Viral With a Purpose? Upworthy Finds Serious Web Content Worth Sharing.
Upworthy launched today, a viral aggregator that promises to find interesting and shareable content on important topics. That is, topics more important than your average cat video or nip-slip slideshow.
Upworthy’s output is a stream of curated daily picks via email newsletter, Pinterest, Facebook and Twitter. Its first two featured items are both about the Trayvon Martin killing.
Upworthy was co-founded by MoveOn board president Eli Pariser, and former managing editor for The Onion, Peter Koechley. It is backed by Chris Hughes, the Facebook co-founder who recently bought The New Republic.
Pariser, who wrote the book “The Filter Bubble,” explained his justification for Upworthy today: “In the Darwinian environment of the hyper-relevant news feed, content about issues like homelessness or climate change can’t compete with goofy viral videos, celebrity news, and kittens … Hopefully, we can help bring attention and focus to stuff that really matters in a viral format that can reach millions.”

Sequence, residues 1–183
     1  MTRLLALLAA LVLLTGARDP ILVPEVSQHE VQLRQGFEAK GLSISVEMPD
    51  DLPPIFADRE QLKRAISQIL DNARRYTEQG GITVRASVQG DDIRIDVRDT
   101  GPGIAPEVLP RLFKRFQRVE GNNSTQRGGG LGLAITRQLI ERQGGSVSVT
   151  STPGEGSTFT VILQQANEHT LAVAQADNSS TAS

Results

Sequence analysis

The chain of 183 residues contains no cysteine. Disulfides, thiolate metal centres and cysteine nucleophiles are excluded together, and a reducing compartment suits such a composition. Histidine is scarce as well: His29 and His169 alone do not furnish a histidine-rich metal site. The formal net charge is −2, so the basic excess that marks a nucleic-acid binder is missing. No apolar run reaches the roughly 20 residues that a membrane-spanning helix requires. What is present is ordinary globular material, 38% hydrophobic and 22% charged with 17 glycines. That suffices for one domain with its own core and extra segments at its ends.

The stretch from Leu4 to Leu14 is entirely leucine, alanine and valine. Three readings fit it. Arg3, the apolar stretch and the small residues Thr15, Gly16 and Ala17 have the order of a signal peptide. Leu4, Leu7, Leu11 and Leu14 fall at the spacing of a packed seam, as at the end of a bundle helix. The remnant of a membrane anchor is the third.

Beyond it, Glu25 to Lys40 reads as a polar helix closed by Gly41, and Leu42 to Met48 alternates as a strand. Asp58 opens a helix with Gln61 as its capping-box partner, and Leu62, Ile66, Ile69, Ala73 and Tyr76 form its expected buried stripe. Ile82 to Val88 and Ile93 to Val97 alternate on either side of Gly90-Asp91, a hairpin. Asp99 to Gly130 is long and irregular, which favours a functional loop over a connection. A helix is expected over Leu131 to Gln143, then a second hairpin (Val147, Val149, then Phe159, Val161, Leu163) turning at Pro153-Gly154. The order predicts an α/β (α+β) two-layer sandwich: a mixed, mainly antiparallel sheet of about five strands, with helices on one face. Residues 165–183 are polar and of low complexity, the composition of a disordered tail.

The intersection of virality and more serious content seems particularly timely, given the potency of Kony 2012 and other recent Internet activism, like the SOPA protests.
In an introductory post, Upworthy says it would like to run items about “something like planking or Tebowing but about climate change” and “17 Sexiest Pics About Income Inequality.” I guess it’s better to poke fun at yourself before other people can.